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Women Power

Written by on Friday, 23 December 2005
Politics and Society, Tajikistan
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A successful World Bank project provides an uplifting story for a country stricken by poverty. Truly a remarkable account; here are some excerpts:

Bibi Soro, as she is known, lives in the Buston Mahalla, an impoverished neighborhood on the dusty outskirts of Tajikistan’s capital, Dushanbe. As a woman in a conservative Islamic society, Soro grew up in strict Islamic tradition. Soro’s remote and isolated community had long looked at outsiders with suspicion, and in the country’s bitter civil war, Buston’s residents fought on the side of the militant Islamic opposition, holding out till the very last against central government control.

The loss of the war further alienated the disgruntled community. Homes were destroyed and families lost breadwinners -husbands, sons and brothers. Many of those who survived went to work in Russia, leaving the women behind with little means of support. Extended families sometimes housed 44 members under one roof, and food was often scarce. With the opposition’s forces still in operation, the community was like a tinder-box where stray sparks could at anytime reignite passions, leading to a renewed flare-up of violence.

… in 2002, the World Bank allocated a grant from the Post Conflict Fund to a U.S non-governmental organization, Counterpart International, for a Women’s Empowerment Pilot Project. Doing so meant reversing the centuries-old social order in this troubled neighborhood.

And, a year since the project began, succeed they have. After first reassuring male relatives and community leaders that the project didn’t aim to convert the women to Christianity, the project has brought a marked change in the women. Through workshops and training, the women have developed a new sense of confidence. Those who were unable to look their trainers in the eye now openly express their opinions and discuss business proposals with men on equal terms.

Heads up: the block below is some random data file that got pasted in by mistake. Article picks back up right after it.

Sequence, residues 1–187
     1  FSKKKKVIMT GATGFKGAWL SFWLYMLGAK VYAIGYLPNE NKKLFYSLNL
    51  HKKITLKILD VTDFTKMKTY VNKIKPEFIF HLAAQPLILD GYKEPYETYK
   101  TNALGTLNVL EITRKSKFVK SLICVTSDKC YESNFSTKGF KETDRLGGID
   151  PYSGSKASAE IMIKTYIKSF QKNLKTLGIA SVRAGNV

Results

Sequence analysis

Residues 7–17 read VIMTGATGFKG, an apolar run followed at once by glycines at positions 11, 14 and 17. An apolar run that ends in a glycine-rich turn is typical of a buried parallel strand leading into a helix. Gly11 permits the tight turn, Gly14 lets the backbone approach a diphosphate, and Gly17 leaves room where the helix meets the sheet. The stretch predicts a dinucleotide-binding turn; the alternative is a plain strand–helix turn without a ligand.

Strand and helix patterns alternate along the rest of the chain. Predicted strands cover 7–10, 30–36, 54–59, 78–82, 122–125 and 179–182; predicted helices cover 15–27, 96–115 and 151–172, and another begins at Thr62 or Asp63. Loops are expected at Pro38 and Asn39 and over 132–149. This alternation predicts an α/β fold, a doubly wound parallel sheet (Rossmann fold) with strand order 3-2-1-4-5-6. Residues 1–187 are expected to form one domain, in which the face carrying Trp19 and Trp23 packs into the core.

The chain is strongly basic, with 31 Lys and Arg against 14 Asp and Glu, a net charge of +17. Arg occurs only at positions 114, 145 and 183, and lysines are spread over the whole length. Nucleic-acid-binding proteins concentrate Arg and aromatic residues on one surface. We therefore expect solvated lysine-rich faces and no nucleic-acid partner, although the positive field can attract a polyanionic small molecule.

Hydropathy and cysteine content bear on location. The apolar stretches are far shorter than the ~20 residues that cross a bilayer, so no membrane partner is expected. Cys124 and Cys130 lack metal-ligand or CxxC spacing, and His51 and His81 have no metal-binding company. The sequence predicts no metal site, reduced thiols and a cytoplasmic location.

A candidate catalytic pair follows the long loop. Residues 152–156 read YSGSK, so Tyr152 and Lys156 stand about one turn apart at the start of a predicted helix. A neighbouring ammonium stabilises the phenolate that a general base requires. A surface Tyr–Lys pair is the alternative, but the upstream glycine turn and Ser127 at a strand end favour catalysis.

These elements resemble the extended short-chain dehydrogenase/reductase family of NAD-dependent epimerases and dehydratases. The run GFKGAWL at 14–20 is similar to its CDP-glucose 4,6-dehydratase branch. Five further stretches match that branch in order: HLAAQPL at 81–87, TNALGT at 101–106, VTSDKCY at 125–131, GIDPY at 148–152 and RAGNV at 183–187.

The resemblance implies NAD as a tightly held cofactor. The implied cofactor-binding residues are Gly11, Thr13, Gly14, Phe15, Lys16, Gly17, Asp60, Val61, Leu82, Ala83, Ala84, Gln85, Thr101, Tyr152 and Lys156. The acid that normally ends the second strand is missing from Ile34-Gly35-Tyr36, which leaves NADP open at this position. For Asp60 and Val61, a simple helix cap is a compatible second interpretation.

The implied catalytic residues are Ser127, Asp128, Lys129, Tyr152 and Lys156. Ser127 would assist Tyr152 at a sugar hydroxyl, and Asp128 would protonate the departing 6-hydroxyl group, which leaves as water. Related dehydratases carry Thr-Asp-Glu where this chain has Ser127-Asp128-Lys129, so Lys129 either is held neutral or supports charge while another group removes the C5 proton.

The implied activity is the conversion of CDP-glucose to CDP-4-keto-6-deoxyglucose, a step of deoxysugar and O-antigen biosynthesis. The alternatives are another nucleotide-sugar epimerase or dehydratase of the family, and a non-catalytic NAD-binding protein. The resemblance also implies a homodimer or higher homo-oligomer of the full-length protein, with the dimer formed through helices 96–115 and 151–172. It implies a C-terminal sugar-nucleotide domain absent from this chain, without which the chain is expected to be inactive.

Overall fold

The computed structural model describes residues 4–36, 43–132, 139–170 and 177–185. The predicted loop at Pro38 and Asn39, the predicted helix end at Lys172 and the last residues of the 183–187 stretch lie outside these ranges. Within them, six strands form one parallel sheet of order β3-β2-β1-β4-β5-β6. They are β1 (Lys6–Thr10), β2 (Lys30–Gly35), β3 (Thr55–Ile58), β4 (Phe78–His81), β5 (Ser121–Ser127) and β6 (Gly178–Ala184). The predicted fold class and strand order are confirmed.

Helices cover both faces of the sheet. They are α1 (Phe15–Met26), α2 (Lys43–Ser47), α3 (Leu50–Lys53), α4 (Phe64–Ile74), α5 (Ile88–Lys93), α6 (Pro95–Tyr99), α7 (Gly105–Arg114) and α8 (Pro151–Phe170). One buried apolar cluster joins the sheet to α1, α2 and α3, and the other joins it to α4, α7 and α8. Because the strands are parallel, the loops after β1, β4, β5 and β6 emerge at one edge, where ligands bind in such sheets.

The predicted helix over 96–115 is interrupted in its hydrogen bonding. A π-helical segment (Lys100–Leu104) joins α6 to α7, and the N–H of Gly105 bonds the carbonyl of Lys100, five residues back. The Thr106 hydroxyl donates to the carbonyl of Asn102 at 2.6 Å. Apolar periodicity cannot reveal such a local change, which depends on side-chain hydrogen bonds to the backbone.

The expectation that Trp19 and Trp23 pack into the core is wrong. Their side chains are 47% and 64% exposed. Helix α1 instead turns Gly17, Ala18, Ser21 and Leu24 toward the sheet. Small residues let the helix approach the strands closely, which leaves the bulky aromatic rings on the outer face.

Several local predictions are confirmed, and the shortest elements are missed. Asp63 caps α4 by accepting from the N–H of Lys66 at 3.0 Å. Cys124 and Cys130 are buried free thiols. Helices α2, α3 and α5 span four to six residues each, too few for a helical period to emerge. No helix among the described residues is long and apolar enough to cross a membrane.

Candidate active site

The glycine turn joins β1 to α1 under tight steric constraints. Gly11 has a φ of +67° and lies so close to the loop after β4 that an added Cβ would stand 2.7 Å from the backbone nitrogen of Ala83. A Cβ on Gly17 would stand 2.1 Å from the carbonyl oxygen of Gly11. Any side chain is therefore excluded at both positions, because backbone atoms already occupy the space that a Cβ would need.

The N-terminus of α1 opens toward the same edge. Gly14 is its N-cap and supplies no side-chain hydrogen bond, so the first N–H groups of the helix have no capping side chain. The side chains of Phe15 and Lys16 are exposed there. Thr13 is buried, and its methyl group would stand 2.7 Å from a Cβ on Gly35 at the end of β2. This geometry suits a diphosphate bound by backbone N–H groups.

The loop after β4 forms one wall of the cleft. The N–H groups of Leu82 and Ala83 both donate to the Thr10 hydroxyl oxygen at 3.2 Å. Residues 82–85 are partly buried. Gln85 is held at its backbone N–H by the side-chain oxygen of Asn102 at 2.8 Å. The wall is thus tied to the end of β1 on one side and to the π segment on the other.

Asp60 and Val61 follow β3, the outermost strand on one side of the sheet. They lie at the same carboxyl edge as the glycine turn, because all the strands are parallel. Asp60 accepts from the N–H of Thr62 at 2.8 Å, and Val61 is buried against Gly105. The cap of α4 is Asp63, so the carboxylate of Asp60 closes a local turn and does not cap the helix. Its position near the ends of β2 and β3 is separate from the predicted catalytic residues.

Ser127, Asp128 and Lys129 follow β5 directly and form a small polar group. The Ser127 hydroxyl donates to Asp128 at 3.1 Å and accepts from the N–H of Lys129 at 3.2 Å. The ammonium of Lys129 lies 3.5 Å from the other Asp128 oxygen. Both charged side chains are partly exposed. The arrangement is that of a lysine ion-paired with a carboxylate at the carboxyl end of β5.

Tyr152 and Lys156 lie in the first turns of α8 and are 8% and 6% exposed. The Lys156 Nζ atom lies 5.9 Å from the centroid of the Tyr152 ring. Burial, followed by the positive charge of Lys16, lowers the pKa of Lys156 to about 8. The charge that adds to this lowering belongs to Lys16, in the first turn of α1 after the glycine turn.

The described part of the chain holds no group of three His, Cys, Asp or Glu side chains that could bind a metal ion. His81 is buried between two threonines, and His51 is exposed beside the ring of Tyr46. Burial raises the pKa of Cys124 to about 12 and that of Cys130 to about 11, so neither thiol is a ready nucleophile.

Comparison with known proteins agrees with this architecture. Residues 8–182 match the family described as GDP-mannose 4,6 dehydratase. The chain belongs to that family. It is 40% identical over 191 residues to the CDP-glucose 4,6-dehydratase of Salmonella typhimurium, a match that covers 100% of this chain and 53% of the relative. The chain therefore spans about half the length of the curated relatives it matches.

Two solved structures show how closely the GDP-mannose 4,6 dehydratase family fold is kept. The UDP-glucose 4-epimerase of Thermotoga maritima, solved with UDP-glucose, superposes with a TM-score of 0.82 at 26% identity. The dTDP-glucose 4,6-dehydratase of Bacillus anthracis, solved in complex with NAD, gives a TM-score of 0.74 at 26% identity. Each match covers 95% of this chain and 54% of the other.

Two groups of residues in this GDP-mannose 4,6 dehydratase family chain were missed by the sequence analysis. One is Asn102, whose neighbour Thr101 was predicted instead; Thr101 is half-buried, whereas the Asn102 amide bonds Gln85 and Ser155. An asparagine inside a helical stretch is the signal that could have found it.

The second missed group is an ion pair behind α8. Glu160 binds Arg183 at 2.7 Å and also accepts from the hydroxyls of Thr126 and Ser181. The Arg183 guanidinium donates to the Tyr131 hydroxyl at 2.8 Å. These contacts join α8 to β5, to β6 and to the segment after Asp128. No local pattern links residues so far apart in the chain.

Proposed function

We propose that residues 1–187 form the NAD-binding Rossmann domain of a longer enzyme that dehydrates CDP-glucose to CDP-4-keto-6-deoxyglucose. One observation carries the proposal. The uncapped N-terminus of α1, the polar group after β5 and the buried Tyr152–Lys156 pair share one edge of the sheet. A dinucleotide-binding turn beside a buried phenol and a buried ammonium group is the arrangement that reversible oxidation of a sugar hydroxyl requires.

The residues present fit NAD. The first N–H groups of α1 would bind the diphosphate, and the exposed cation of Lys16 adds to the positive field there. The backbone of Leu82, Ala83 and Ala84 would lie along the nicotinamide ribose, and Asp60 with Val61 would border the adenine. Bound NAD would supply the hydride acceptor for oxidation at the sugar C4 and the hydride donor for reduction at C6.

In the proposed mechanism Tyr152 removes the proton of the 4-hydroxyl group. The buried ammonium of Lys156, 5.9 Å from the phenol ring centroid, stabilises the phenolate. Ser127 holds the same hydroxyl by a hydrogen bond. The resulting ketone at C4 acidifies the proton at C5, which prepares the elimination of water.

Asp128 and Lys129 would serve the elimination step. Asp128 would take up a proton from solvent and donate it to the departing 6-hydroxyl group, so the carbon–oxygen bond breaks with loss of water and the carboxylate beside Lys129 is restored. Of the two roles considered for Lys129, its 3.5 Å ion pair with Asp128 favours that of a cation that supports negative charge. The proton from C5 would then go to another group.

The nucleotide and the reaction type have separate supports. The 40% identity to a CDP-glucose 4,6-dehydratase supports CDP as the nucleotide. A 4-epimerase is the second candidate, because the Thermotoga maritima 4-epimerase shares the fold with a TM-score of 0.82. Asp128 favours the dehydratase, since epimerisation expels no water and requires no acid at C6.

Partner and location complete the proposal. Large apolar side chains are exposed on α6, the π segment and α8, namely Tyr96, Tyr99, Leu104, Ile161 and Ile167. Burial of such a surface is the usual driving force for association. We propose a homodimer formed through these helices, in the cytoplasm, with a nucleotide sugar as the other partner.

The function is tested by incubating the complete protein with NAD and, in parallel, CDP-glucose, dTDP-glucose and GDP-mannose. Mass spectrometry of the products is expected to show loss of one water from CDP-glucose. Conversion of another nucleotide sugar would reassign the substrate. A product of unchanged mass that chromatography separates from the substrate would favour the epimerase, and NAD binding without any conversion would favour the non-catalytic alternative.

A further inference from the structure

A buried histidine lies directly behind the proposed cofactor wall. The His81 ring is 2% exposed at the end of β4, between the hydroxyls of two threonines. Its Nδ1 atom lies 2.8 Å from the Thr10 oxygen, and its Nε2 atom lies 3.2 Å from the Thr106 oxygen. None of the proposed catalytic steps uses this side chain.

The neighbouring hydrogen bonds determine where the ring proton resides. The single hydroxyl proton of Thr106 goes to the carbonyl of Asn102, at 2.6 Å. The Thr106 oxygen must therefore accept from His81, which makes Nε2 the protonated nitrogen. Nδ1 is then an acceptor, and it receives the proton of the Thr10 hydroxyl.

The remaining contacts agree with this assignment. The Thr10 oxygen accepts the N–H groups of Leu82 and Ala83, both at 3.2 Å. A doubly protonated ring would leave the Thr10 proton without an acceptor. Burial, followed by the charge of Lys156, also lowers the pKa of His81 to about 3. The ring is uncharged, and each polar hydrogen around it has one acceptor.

Where men once failed, the women tackle long-standing community problems.

A bold women’s initiative has brought much-needed water to the neighborhood, tackling one of the community’s most enduring problems which the men were unable to solve for many years.

A center has been established where the women can meet and discuss broad community issues without depending on men. The center has trained women in healthcare, and now channels much-needed medicines to the new clinic, and provides computer training to the local school.

And in a revolutionary move, the women have chosen their own leaders, a democratic tradition completely new to the community. These women leaders have traveled to other parts of the country as well as to projects in Kyrgyzstan to broaden their horizons and exchange experiences, putting an end to the community’s long isolation.

“The Women’s Empowerment project has been successful beyond my imagination,” says Andrea Burniske, Counterpart International’s former local director. “By assuming leadership roles, these women have been able to address all the community’s priority problems. This has raised their stature within the community, and they feel proud of their achievements. Women members of Bonuvoni Navovar have acquired skills and knowledge that have changed their lives forever.”

As true vanguards of change in conservative Tajikistan, Bibi Soro and her colleagues plan to build on their pioneering successes by launching similar activities to empower women in other poor regions of the country. And this time, they have the support of the men. The old, unequal, social order is indeed beginning to turn in this remote region of Central Asia.

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